Answering the Call to Stop Unjust Deportations



This past Friday night, our Deputy Director Rachel Laser gave a D’var Torah at the Temple in Atlanta about the story of Juan Martinez. Juan was born in Cieudad Hidalgo, Mexico, and when the factory in his hometown closed, Juan crossed the Mexican-American border without papers in search of a job and a better life. He came to a suburb of Atlanta, Georgia to live with his brother, where he has lived for the past 14 years. All that time, he has worked diligently as a painter.

In July 2012, Juan was pulled over by a Georgia police officer for allegedly failing to stop at a red light and arrested for driving without a license. Although these were his only charges, he was placed in detention and deportation proceedings began. Juan was released from detention in response to community pressure, but at his court date in July 2014 he received an order of removal. That order of removal is still active. Now more than ever, wonders whether he will be forced to leave the life he has worked hard to make for himself and his wife.

Juan, and many people like him, would be granted legal status under Senate bill 744, Congress’ best attempt at Comprehensive Immigration Reform. Yet, we have been extremely frustrated by Congress’ inability to pass this bill, and we are morally outraged by the continued deportations of hard-working people like Juan. Instead of sitting idly by, the Religious Action Center has been working for months with Rabbis Organizing Rabbis lift up our collective voices to Immigrations and Customs Enforcement (ICE) and ask ICE to stay the removal order. We do not offer legal assistance, but we do call ICE and let them know that we think these individuals should be allowed to stay in our country.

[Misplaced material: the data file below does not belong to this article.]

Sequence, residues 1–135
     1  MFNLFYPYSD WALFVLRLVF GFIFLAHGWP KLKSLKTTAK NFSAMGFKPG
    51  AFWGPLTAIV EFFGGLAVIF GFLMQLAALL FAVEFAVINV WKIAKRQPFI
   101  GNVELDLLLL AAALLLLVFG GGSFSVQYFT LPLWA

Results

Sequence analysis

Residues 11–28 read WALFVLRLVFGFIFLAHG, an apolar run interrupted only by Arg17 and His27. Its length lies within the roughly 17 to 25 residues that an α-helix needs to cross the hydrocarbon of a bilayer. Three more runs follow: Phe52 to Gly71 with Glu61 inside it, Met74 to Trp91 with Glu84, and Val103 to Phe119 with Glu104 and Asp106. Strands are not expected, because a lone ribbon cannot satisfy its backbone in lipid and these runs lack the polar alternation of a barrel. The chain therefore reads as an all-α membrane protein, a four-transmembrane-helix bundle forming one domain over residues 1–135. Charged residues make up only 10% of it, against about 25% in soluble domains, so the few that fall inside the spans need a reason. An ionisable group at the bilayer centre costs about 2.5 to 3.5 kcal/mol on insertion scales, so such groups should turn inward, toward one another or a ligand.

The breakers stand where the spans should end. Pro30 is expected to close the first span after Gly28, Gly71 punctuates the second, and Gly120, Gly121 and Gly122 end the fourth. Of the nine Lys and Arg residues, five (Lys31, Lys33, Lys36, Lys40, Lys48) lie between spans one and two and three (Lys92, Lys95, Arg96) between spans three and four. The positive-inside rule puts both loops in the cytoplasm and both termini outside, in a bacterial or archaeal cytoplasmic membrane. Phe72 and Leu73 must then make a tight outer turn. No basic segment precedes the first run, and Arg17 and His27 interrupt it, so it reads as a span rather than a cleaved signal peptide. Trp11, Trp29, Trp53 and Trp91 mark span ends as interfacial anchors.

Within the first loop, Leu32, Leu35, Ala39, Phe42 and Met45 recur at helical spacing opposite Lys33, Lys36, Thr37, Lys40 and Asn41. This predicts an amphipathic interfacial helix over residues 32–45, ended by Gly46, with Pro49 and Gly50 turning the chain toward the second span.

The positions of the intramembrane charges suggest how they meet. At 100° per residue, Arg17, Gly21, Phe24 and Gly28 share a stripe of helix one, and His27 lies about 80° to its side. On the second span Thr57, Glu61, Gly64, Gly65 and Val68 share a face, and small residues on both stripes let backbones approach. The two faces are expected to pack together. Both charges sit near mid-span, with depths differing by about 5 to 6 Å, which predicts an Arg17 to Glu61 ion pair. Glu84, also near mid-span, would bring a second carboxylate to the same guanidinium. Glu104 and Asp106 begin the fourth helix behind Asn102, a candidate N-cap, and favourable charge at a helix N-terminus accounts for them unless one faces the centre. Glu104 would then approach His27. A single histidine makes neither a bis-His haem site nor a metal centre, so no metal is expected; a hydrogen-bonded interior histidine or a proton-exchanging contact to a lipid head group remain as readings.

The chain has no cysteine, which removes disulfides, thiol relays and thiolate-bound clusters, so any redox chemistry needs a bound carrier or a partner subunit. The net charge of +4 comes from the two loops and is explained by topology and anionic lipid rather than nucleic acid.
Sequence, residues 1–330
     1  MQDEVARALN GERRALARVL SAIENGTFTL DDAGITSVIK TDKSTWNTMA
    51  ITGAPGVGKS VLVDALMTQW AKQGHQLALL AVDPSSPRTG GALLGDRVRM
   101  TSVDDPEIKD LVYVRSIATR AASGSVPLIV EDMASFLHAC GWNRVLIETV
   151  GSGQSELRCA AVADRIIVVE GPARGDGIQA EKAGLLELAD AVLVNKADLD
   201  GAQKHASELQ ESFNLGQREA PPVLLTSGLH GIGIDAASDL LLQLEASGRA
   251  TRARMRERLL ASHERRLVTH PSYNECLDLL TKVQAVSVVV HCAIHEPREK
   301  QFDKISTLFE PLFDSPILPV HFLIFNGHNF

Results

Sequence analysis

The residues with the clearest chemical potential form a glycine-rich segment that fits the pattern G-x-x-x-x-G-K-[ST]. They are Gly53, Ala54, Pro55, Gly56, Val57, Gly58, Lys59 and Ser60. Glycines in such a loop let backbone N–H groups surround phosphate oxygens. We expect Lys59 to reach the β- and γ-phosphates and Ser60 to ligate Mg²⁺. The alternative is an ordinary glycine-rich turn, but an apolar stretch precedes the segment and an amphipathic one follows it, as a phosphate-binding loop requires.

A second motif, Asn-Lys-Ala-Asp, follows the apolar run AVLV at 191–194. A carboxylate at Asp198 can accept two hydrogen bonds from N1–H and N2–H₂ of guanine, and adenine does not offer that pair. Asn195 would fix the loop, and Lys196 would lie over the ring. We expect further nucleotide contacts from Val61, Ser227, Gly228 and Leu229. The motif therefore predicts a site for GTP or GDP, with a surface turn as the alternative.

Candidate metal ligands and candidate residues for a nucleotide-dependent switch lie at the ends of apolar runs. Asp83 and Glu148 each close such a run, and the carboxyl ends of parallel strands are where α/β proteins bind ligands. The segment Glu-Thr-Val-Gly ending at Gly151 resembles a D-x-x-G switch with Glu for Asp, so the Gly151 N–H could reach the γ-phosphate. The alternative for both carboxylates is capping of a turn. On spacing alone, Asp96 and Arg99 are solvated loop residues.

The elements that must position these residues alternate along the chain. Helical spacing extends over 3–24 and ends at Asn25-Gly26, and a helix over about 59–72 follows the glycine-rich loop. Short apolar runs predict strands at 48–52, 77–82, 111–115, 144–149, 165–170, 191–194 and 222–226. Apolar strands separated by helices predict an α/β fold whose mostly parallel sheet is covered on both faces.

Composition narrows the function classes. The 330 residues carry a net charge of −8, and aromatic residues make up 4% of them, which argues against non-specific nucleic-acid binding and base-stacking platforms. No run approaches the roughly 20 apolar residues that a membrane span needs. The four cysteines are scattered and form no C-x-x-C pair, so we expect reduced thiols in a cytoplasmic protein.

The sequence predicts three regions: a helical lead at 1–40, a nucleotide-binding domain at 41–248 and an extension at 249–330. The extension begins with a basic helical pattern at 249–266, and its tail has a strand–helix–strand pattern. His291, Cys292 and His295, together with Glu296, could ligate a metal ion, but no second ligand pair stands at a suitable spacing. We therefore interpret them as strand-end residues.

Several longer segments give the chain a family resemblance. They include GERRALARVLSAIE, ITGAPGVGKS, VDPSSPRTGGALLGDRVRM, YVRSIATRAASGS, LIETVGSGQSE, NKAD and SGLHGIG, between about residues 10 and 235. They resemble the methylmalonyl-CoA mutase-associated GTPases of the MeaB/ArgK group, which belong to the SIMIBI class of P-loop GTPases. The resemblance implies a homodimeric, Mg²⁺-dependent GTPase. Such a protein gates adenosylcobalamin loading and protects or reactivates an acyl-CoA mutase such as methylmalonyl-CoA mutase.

Already, we’ve helped Yestel Velasquez, a member of the New Orleans community who helped to rebuild the city after Hurricane Katrina. In May, he was caught in an immigration raid, and by August he was told he would be deported within a week. Under the direction of Rabbis Organizing Rabbis’ lead organizer, Joy Friedman, our rabbis placed almost two dozen calls into two different ICE offices, and Yestel was granted a year-long stay of his deportation. We met a similar situation with Catalino Guerrero, a Newark resident who had suffered a stroke in 2011, but who was recently ordered to self-deport. Rabbis placed numerous calls, and Catalino received a year-long stay of his order of removal. We have a similar ongoing case in Arizona with a father of two children named Luis Lopez-Acabal.

These were great successes, and so Rachel’s D’var Torah last week marked a new approach for our efforts to fight unfair deportations. Previously, we have worked with only rabbis from many different states to show a national priority for stopping unjust deportations. In Juan’s case, however, we’ve been working with members of local congregations to call on behalf of someone in their area. With these calls, we can make real differences to right injustices in people’s lives, and by harnessing the power of our congregants as well as our rabbis we can give relief to even more people who are under the threat of unfair deportation. Now, you can be a part of righting this injustice! Take action and call ICE on behalf of Luis and Juan, and ask for a stay to their order of removal.

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Jonathan Edelman

About Jonathan Edelman

Jonathan Edelman is a 2014-2015 Eisendrath Legislative Assistant at the RAC. A 2014 graduate of the University of North Carolina at Chapel Hill, Jonathan is originally from Jacksonville, FL and is a member of Congregation Ahavath Chesed.

One Response to “Answering the Call to Stop Unjust Deportations”

  1. Congratulations young man a job well done! Your parents deserve a pat on the back! Happy and a healthy New Year. I write poetry for special occasions, life stories, events and my husband then interprets my written words into hand made art and I then interpret his art work in to word I speak, read and write in Spanish.
    Keep up the great work.

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